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August 29, 2011
CIA is one of the first art and design schools to use this technology in the classroom.
Cleveland Institute of Art launches its Digital Canvas Initiative this fall semester to support a progressive curriculum redesign of its foundation program with enhanced technology that includes using iPads to support student learning and engagement.
CIA’s first-year curriculum has been redesigned to encourage students to engage in greater group- and problem-based learning opportunities and work with the digital tools that support fine and applied-arts techniques.
“A robust art and design education requires that we incorporate technology in the classroom that supports the way we work today – group-based problem solving driven by real-time solutions. At CIA we teach future artists and designers the essential creative problem-solving skills to pursue their art, and the iPad will become for us an ideal tool in furthering that education,” explains Grafton J. Nunes, president and CEO of CIA.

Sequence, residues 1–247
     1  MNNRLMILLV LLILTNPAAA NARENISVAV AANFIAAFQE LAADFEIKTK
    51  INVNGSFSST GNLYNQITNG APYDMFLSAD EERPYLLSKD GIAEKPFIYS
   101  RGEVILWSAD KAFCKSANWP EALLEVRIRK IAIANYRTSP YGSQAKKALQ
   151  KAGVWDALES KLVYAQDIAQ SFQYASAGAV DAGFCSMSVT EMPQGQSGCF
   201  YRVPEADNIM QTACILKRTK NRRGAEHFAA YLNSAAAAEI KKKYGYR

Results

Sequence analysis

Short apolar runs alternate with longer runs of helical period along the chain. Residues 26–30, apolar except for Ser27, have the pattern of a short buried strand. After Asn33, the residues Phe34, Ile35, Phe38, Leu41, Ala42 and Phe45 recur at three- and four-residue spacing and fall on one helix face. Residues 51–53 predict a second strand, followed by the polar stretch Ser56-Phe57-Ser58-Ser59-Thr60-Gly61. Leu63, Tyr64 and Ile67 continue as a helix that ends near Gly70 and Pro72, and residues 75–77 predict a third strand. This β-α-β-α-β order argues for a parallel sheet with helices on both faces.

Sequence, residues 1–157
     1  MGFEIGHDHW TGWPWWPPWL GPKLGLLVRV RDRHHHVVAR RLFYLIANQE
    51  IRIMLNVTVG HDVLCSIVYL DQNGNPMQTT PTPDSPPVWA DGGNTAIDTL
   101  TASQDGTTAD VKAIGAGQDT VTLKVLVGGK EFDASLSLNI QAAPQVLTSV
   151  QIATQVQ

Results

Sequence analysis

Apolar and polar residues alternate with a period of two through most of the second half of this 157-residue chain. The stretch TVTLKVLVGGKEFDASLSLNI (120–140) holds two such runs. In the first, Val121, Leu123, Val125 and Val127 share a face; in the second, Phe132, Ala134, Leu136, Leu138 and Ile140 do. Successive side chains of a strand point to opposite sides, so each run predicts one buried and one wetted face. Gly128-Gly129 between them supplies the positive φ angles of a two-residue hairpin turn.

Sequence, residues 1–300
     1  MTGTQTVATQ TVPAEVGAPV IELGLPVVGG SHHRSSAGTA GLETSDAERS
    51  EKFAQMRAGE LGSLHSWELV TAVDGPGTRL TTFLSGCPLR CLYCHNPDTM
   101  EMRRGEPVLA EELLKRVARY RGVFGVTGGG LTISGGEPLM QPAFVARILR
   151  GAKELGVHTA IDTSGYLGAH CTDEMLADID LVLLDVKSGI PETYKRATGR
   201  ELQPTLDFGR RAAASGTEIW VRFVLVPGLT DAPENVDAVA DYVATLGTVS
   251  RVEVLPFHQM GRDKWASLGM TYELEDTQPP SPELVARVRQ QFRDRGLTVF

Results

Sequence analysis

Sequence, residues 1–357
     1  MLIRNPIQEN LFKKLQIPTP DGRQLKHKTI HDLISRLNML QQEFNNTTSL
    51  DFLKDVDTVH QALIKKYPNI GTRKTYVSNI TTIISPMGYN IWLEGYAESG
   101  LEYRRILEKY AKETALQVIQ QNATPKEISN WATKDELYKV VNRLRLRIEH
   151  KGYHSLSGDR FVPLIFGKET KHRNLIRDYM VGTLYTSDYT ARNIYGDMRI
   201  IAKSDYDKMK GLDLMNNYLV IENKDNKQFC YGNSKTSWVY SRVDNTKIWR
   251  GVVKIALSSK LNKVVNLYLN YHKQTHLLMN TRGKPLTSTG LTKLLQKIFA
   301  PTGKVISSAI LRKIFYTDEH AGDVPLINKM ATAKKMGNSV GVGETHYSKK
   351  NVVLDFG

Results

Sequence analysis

In redesigning CIA’s first-year foundation curriculum, faculty are looking outside traditional methods of instruction and adding opportunities for problem-based learning through collaboration.
Tablet computers like the iPad support what has been considered a primarily hands-on education by eliminating barriers to group work and serving as a portable source of creative apps, tools for research, organization, communication, and collaboration.
“As visual learners, art and design students respond to interactive classroom tools and, unlike laptops, tablet computers function through intuitive gestures allowing students to grab, move, and create content through direct manipulation. It encourages collaboration which is an important learning outcome during their first year here,” explains says CIA’s Assistant Professor Scott Ligon, coordinator for the college’s Foundation Digital Curriculum.
In addition, Ligon sites the importance of experimentation in an art and design education, one that allows for creative risk taking and problem-based learning in ways that incoming freshmen are most familiar. “As digital natives, students are used to gathering information quickly from many different sources to further their creative process outside the classroom. They naturally create a hub of research and digital tools, which this technology supports,” says Ligon.
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